When our daughter was newborn and well into her babyhood, we were often worried about her weight. It was a combination of things that led to a period of great anxiety. A part of this was probably the worry of inexperience as parents and as a breastfeeding mom, but a part of it also had to do with the fact that whether due to circumstances at birth or her personality, she was not that interested in food.

In pediatrics, there is a technical term for babies who are not gaining enough weight: failure to thrive. Early childhood is a time that is being more and more recognized as a critical period during which proper physical growth and evelopment may impact later life. In combination with tracking height and weight on standardized growth charts, parents are asked to pay attention that children are meeting developmental milestones. These standardized markers provide a basis for children who need additional help to be identified. They are stressful for new parents because we recognize how detrimental insufficient growth and development can be for our children.

When our daughter, E, was around 18 month old, a teacher from a play group noted that E was not speaking as much as her peers and offered to recommend her to a speech therapist. She ensured us that it couldn’t hurt: the worst case scenario was that we spend some extra time with a professional and realize nothing was wrong. In contrast, her rationale went, if we declined but found out later that she needed help, we may not be able to access the same resources as easily.

I realize that her recommendation came from a place of caring, but ultimately chose to wait and see. Children develop at different speeds and their personalities affect how they are perceived by others, especially those who do not know them well.  To me, placing her under the scrutiny of a stranger (no matter how professional) could do more harm than good.

Our child tended to be quiet and introspective, even at an early age, often earning her the label of “shy”. She took longer than most to adapt to new people and environments. While the majority of her peers were already playing, she would still voluntarily siting on the sidelines seemingly bored. I was already trying hard to deal with my frustration at her non-participation and help her handle her strong emotions that tended to flow and spill over over almost everything. I was having a hard enough time shelving my own expectations of her much less manage anyone else’s additional expectations of when and how much E should be speaking. Given that there were no additional indications that she should be developmentally delayed, she did not need the opprotunity for additional labels.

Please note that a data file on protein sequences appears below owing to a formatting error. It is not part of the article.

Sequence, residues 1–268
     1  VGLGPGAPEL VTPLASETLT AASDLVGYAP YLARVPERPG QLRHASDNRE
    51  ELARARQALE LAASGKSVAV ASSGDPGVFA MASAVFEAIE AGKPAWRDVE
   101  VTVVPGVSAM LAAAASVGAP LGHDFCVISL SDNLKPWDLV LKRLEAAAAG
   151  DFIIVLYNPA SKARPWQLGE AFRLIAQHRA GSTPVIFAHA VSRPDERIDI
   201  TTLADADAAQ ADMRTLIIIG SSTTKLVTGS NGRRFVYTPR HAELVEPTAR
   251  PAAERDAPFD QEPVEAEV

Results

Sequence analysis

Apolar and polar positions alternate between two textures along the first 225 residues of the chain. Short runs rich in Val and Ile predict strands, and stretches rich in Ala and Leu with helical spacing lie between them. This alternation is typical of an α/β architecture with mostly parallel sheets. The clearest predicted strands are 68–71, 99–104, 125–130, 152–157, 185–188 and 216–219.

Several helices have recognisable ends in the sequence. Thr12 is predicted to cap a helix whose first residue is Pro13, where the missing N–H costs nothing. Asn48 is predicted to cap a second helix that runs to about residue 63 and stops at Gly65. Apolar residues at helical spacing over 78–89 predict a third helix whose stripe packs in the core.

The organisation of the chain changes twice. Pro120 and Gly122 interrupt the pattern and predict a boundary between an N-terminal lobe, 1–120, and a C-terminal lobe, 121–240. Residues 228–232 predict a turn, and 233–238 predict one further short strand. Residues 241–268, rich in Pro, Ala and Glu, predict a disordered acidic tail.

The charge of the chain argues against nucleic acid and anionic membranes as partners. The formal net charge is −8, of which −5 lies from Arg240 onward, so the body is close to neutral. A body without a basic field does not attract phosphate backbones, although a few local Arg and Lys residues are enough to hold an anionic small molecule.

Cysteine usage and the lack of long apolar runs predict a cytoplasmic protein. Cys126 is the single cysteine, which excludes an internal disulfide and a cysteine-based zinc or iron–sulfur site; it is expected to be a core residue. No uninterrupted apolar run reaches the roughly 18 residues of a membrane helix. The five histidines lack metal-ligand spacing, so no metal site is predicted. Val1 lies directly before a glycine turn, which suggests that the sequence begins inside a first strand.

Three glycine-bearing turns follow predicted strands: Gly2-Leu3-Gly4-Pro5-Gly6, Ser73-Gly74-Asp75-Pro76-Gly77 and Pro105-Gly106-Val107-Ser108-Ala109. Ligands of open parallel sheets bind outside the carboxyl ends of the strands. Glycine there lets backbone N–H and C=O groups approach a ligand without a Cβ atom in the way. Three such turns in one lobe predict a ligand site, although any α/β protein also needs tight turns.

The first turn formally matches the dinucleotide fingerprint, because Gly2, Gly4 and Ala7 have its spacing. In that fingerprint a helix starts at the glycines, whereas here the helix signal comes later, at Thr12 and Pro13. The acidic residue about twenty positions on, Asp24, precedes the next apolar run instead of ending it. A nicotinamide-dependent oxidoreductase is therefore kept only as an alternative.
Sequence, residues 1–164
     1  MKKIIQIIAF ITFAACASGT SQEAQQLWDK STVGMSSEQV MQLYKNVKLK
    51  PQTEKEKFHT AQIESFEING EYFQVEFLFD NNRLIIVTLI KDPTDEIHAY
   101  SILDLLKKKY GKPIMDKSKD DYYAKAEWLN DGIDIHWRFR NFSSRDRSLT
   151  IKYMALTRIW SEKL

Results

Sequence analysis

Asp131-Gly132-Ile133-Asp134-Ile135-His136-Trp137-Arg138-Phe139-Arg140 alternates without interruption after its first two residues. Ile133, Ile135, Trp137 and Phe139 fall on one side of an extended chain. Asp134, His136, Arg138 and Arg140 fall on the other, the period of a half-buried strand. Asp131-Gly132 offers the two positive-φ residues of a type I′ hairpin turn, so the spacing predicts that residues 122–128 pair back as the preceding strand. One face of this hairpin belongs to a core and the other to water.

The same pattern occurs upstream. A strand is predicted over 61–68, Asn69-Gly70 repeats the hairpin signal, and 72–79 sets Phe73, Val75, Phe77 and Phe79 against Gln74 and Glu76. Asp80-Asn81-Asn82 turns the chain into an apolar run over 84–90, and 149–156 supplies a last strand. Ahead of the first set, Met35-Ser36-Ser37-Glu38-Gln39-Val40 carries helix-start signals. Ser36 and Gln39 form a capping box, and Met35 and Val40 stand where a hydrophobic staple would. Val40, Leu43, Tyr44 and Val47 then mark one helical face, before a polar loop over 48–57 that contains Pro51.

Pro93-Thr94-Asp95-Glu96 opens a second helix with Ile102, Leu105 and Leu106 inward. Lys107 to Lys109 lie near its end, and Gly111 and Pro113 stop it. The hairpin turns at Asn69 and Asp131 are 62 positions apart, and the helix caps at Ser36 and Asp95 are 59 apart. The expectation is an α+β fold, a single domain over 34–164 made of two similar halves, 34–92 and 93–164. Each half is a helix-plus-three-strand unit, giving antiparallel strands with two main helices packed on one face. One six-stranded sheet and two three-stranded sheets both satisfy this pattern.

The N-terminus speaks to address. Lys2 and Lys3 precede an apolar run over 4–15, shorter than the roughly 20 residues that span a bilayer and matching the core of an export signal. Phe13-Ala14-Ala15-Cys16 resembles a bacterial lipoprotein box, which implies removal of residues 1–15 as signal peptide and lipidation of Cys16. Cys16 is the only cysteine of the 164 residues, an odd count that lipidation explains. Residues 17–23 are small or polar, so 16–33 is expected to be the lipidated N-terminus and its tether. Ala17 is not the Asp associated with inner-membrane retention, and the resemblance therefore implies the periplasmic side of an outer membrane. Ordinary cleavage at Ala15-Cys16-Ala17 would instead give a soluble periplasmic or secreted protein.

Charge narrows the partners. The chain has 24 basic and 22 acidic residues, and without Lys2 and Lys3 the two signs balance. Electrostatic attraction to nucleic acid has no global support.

Our almost 4-year old still takes her time warming up to new people and places. But, with people she is familar with, she will talk without filter and without end. At circle time, she still remains that kid who looks completely zoned out and seated as all the other kids around her jump about to participate in an action song. But, once we get home, she will know the songs word for word and create new lyrics to known tunes as she leads circle time while imitating all the mannerisms of whichever teacher led the group.

Rarely do we have to make such decisions when it comes to our own lives. In an adult world, when physical growth is completed, the term “thrive” takes on a different meaning.  It is no longer something that we track on a chart or compare to others. Yet, it remains relevant as ever. Thriving is becoming the person we are meant to be. Nobody bothers us any more, even when we fail to reach our potential. As we age, surviving becomes enough. How many of us are failing to thrive?